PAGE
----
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I have an object which owns a property Texture_ID. I need to initialize the value for Texture_ID in constructor, so I want some value unused by OpenGL to present that the texture is not yet set.

I don't know whether zero (0) is a good value? If there is a range that OpenGL applies to texture IDs, I want a value out of this range. Any idea?

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3 Answers

up vote 11 down vote accepted

0 is the value you're looking for (to represent an unset texture ID/uncreated texture), as 0 is never a valid texture ID.

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+1 See here "The value zero is reserved to represent the default texture for each texture target." –  user786653 Sep 6 '11 at 15:23
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@Paul: Any texture object you create will have a non-zero value. If that's how you intend to use this class, zero is perfectly fine. –  R. Martinho Fernandes Sep 6 '11 at 15:48
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@Paul He seems to be right. But regarding the OpenGL reference "default texture" is just another term for "no texture" or "no application created texture object". So passing 0 to glBindTexture doesn't cause an error, but it also doesn't have any effect (or an undefined effect, black texture, or something). So 0 is perfectly suited for representing an unitialized/invalid texture. –  Christian Rau Sep 6 '11 at 16:05
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Actually the whole "default texture" thing is an anachronism of OpenGL-1.0 where there were yet no texture objects. To have multiple textures one would either use glTexImage before drawing the to be textured geometry, or use display lists to encapsulate the texture images therein; this is also the reason why sharing display lists will share textures in modern OpenGL. Since there were no texture objects, but only a texturing unit, OpenGL-1.1 introduced the term "default texture" as a failsafe for legacy (back then already) OpenGL-1.1 programs. –  datenwolf Sep 6 '11 at 16:49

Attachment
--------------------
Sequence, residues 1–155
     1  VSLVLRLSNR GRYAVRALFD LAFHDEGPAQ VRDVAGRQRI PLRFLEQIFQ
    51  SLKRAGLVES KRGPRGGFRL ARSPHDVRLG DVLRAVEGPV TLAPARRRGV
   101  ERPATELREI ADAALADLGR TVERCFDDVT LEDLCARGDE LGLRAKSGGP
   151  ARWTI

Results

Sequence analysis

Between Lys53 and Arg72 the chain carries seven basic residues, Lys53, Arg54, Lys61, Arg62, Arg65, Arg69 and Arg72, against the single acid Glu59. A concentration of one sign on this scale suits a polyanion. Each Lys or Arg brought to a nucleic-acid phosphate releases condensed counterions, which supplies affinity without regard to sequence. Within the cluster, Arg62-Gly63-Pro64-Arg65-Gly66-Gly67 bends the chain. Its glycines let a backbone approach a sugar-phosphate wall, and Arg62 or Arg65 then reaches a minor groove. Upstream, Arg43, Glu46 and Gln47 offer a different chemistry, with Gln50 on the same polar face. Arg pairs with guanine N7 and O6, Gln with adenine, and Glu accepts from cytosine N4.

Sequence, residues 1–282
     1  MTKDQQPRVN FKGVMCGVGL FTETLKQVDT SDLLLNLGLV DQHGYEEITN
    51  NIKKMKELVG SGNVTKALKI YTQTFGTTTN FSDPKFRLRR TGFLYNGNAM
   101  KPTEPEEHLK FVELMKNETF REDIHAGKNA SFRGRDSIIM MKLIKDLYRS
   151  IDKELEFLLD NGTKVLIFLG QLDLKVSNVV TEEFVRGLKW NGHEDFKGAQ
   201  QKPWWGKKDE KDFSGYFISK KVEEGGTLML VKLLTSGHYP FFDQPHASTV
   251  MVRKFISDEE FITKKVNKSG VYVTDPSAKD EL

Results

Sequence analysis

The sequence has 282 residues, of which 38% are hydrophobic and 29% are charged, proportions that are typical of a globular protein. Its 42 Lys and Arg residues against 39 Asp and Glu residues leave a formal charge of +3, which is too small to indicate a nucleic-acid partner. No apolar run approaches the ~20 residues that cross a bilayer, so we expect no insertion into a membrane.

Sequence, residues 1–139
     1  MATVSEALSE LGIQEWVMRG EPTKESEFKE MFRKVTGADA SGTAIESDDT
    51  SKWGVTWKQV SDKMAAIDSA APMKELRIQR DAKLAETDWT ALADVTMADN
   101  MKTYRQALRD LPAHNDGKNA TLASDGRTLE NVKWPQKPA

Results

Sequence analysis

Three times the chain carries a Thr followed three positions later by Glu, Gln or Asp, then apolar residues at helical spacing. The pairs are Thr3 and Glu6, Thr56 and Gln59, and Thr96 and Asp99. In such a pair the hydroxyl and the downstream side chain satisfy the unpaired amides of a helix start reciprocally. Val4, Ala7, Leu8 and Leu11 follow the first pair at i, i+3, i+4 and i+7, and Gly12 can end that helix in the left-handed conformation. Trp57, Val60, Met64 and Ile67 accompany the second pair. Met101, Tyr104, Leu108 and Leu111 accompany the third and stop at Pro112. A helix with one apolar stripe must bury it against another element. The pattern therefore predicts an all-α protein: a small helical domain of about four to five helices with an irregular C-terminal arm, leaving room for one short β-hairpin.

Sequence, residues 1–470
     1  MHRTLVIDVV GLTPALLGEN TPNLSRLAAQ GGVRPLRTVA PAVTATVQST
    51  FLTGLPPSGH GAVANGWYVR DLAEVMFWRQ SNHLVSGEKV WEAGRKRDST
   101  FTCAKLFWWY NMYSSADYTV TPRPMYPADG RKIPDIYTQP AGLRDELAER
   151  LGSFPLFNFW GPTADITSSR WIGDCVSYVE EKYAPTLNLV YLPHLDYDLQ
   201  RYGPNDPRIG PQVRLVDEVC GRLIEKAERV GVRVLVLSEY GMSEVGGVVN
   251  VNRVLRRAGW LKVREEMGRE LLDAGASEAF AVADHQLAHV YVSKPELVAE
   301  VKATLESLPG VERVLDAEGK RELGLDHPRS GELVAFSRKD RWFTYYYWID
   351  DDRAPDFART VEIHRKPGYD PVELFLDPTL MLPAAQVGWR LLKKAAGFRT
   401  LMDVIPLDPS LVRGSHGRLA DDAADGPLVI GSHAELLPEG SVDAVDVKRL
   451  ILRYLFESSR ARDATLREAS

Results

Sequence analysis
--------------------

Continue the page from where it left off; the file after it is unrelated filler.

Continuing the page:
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I meant "…legacy OpenGL-1.0 programs." of course. To late to edit that comment. –  datenwolf Sep 6 '11 at 17:31
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I would rather initialize the texture in the constructor. That way you never have an object in an invalid state.

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but in my project, the object is initialized when it doesn't yet have a texture. just a limitation of the project. for example: i have to show a cube with colors, then open an image file to get textures to draw on the cube, so in this case, when in the constructor, the texture is not known yet –  Jon Dinham Sep 6 '11 at 15:36
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Constructors may be called before there is a valid OpenGL context, which would cause several problems. –  datenwolf Sep 6 '11 at 16:50
    
@datenwolf: if I have an object that represents an OpenGL texture object, that object is meaningless without an OpenGL context. –  R. Martinho Fernandes Sep 6 '11 at 16:51
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@R. Martinho Fernandes: In that case a good OOP design would make sure that by convention a OpenGL context (or context encapsulating reference) must be passed to the texture object constructor. Good library design can be recognized by that it is hard to use the library in a wrong way. –  datenwolf Sep 6 '11 at 17:30
    
@datenwolf: yes, I absolutely agree. –  R. Martinho Fernandes Sep 6 '11 at 23:41
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0 is the value OpenGL uses for its own default texture. It never returns that value to you and you can use that value for your error checking.

I would although suggest using -1.

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texture ID is GLuint, which means 'unsigned int', i don't think '-1' is valid –  Jon Dinham Sep 6 '11 at 15:34
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Then use 0xffffffff. It's still -1 to YOU! –  Shahbaz Sep 7 '11 at 12:25
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